What motivates you? This is a fairly common question at an interview. Regardless whether you’re a fresher or experienced job seeker, chances are that an interviewer might casually toss this question at you. And they want to hear a truthful and accurate answer.
Reasons Interviewers Ask What Motivates You
There’re various reasons why an interviewer will ask what motivates you. And there are multiple ways for how to answer what motivates you.
The first reason is because they wish to know the real reasons for you applying for that specific job at the organization. Because we all have some motives behind doing something.
The question isn’t intended to reduce your chances of getting the job. Instead, interviewers want to know why you’re applying for it, they might also ask you “Why Are You Interested In This Position?”
That simply means what about the role excites you and motivated you to apply. Even though you’re an experienced candidate you can come across such questions by the employer.
Even a fresher job seeker appearing for interview may have to answer this question. Such questions help the employers to get an insight about the candidate’s profile.
The second reason for asking this question is that interviewers wish to get some insights into your overall personality from your answer. Therefore, answering this question about what motivates you can help them shortlist you for the role.
And thirdly, interviewers might ask that question because they’re satisfied with responses to other questions. Now they would like to gauge how long you’re likely to serve the employer if given an opportunity.
They wish to know whether their organization would be able to provide adequate motivation that would help them retain you in their services for long.
Remember, the hiring process costs an employer anything between $4,000 and $25,000 by means of advertising a vacancy, receiving applications, shortlisting candidates, interviews and training for fresh recruits.
Therefore, no employer wants to lose an employee quickly since it adds to their staffing costs. Additionally, high rate of attrition also means that an employer gets a bad reputation in the job market. That’s what they wish to avoid when they ask what motivates you.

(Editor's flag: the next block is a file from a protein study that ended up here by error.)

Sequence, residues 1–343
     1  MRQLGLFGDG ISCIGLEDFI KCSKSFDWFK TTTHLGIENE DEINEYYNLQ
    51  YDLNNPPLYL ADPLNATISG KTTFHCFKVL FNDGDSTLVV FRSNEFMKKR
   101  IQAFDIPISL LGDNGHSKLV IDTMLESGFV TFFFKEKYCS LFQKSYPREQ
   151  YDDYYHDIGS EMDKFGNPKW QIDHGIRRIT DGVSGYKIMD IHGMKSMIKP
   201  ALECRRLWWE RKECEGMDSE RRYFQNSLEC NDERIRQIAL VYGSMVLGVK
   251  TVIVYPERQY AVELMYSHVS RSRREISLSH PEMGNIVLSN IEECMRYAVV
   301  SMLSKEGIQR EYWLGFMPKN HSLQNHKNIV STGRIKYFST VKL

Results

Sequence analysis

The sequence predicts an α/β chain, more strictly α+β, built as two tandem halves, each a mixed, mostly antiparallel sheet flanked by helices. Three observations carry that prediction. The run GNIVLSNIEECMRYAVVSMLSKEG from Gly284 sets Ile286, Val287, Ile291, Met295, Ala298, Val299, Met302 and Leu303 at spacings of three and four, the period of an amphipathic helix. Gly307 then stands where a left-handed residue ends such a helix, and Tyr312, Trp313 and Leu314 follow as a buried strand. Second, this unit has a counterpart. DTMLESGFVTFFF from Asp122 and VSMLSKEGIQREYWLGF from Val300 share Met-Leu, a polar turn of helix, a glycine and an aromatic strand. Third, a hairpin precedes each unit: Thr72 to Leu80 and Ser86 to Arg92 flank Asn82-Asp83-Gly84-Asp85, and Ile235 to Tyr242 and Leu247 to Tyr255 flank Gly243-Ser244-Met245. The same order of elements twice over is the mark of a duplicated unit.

Finally, a few interviewers might ask this question about what motivates you because they’ve run out of questions. Or, because they’re unsure about what to ask or where the interview is leading. Often this question is asked to find your likes and dislikes too.
In any case, it would be worthwhile to be prepared to respond to this question to the best of your abilities. Hence, here’re some vital tips and tweaks that can help you answer this question.
Answering What Motivates You
These tips and tweaks that I’m writing about are from my personal experience in Human Resources Management. You could adapt your answer according to the role you’re applying for, skills, hobbies, education and other factors.
It’s best to answer this question truthfully and with complete honesty. This increases your chances of getting the job.
Prior Preparation for the Interview
The first thing to do to answer the question what motivates you is by preparing yourself. To do so, ask yourself what’re the things or triggers that motivate you. For some of us, money is the main motivator.
For others, it could be career growth combined with money. For many, it can be the thrill of meeting new people and facing various challenges.
Then there’re other motivational factors such as providing for the family, upgrading lifestyle, social status and so on. There’s an endless list of what motivates people.
However, since you’re going for an interview, find out exactly the motivators of your life. To do so, you can do a Strengths, Weaknesses, Opportunities and Threats (SWOT) analysis which is very common.
Or better still, use what’s known as the Fourth Step of Alcoholics Anonymous (AA) which states: “Made a searching, fearless and moral inventory of ourselves.” You needn’t be an AA member or alcoholic to analyze your motivators using the Fourth Step.
Once you’ve identified all things that motivate you, find out which ones are most relevant and will prove useful at work and for personal life. Among these, stick to one or two motivating factors. And use them to respond to the question.
Never Make Set Answers